A thorough answer to the question posed would require some definition of what is meant by ‘deep knowledge’ and ‘the practice of photography’.  The former might include some/all of photographic history; art history; visual culture; in-depth awareness of the photographer, his/her background, purpose/intent, previous work, relation to other contemporary practice; sound knowledge of photographic process (technical and creative); broad understanding of cultural/political context; depth of knowledge about curatorial practice; a thorough appreciation of the art market; and so on and so forth!  One might argue that the best critical writer will have all or most of the above, and more.  A ‘professional writer’, one might say, should be striving to bring an up-to-date knowledge of all that is relevant to his/her writing about photography, whilst, ideally, retaining some degree of independent thinking, originality of view, and personal passion for their subject.

At another extreme, though, anyone can, to an extent, read and critique a visual text.  Wells’ article is certainly directed towards the ‘serious’ critic/reviewer, but, if we accept the notion that postmodern thinking shifts the creative process towards the ‘reader’, perhaps any response is a valid one and we are all, potentially, critics.  Herein, I guess, comes the notion of hierarchy, values and, potentially, the market.  Is any critical writer, fundamentally, and whatever independence they claim or maintain, essentially imbuing the subject of their writing with value, by which, potentially, the creator of the work gains commercial advantage.  In a capitalist system, the critic (along with the gallerist, curator, museum, academic etc) is playing a ‘market-making’ role.  Developing a ‘depth of knowledge of the practice of photography’ may well involve a thorough ‘steeping’ in everything that is ‘current’, and is likely to involve the critic getting very close to the ‘players’ in this market place, which can be exactly the approach that maintains the hierarchies and structures against which postmodernism appears to ‘rail’.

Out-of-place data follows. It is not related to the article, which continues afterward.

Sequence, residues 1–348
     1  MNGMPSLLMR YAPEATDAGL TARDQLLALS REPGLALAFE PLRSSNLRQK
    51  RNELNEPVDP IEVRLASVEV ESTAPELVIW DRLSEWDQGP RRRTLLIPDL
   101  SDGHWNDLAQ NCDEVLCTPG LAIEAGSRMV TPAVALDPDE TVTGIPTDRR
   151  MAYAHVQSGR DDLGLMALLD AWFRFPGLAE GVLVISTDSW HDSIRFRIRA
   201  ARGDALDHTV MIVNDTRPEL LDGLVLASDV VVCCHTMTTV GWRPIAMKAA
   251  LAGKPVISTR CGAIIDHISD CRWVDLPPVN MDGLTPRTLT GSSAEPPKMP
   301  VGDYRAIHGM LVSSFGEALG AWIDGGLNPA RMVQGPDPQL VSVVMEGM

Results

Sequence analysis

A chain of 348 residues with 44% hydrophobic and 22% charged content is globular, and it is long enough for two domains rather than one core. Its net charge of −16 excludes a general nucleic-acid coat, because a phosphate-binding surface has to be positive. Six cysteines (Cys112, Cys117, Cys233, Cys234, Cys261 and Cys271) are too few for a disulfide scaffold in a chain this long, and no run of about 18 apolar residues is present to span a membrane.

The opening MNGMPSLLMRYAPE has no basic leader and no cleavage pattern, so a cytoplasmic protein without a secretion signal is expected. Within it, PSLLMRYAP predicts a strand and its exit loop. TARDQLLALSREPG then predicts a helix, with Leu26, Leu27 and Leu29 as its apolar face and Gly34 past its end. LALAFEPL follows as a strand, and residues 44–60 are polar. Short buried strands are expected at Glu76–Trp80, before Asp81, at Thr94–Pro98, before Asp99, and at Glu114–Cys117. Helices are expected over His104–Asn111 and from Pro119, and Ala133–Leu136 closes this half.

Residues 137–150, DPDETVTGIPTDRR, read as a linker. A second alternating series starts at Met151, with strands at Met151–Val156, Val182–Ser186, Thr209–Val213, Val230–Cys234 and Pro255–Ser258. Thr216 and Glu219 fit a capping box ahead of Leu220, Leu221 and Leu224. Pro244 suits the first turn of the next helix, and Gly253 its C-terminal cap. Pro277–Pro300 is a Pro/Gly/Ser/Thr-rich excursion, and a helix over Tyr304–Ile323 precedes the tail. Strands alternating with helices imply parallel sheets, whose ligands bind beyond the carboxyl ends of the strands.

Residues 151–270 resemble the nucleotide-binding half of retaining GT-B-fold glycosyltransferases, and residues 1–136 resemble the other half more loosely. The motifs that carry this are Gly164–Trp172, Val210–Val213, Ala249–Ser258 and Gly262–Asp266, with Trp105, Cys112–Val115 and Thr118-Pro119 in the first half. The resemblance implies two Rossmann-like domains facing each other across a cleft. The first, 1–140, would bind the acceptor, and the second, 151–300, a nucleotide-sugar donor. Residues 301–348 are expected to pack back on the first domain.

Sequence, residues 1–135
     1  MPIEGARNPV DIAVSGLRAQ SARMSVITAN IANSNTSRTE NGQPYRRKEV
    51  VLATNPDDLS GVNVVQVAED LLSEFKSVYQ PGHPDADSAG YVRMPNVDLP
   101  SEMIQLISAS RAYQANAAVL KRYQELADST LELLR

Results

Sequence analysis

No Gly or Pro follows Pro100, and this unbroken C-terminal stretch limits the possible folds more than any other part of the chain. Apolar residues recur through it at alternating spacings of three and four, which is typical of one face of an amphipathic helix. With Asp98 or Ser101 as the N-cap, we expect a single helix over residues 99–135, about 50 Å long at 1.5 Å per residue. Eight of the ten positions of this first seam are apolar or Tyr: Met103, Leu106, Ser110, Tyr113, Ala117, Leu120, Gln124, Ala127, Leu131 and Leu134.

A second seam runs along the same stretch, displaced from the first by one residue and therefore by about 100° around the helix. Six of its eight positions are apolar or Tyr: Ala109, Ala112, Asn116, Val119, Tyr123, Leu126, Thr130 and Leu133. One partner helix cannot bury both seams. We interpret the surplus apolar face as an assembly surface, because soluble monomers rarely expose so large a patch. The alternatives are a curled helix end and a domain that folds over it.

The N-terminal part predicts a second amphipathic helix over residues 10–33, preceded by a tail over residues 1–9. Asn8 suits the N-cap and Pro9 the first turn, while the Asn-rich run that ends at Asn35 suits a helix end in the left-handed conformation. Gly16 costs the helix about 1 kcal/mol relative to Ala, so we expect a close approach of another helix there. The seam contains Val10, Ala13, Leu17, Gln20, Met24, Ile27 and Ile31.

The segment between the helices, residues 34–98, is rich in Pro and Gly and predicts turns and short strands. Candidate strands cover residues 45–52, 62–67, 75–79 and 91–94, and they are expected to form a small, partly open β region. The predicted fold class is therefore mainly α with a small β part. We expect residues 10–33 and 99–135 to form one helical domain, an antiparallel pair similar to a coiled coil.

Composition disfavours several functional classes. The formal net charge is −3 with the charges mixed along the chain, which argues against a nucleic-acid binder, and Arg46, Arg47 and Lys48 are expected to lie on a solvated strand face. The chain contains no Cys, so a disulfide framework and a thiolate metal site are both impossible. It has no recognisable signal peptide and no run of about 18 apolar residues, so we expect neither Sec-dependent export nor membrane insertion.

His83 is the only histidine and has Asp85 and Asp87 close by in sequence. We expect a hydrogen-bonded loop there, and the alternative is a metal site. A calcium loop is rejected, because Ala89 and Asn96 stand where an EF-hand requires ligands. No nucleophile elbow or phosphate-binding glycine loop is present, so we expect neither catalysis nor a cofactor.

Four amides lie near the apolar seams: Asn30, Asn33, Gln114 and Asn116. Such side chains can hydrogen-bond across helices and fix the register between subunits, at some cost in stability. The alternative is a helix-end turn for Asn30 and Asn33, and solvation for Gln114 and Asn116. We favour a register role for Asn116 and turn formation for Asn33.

If the definition of ‘deep knowledge of the practice of photography’ is a narrow one – implying, in essence, (as might be inferred from Bill Jay’s view, as represented by Wells) that the critic should be a practicing photographer, then I think my answer would probably be ‘No, that type of knowledge isn’t important and certainly isn’t essential.  However, unless one is taking the extreme and not very productive view that anyone can critique a photograph, then the assumption that a critic brings some element of expertise and knowledge to their role implies some understanding, at least, of how photographers go about creating their work. And, if we were to broaden the critic’s scope, making him/her a commentator on visual culture, they may well need at least some understanding of painting, sculpture, print-making, video production etc.  There is little value in arguing that only a deeply knowledgeable practicing artist can critique art.  And critiquing purely on the qualities of process is to miss the point of creativity.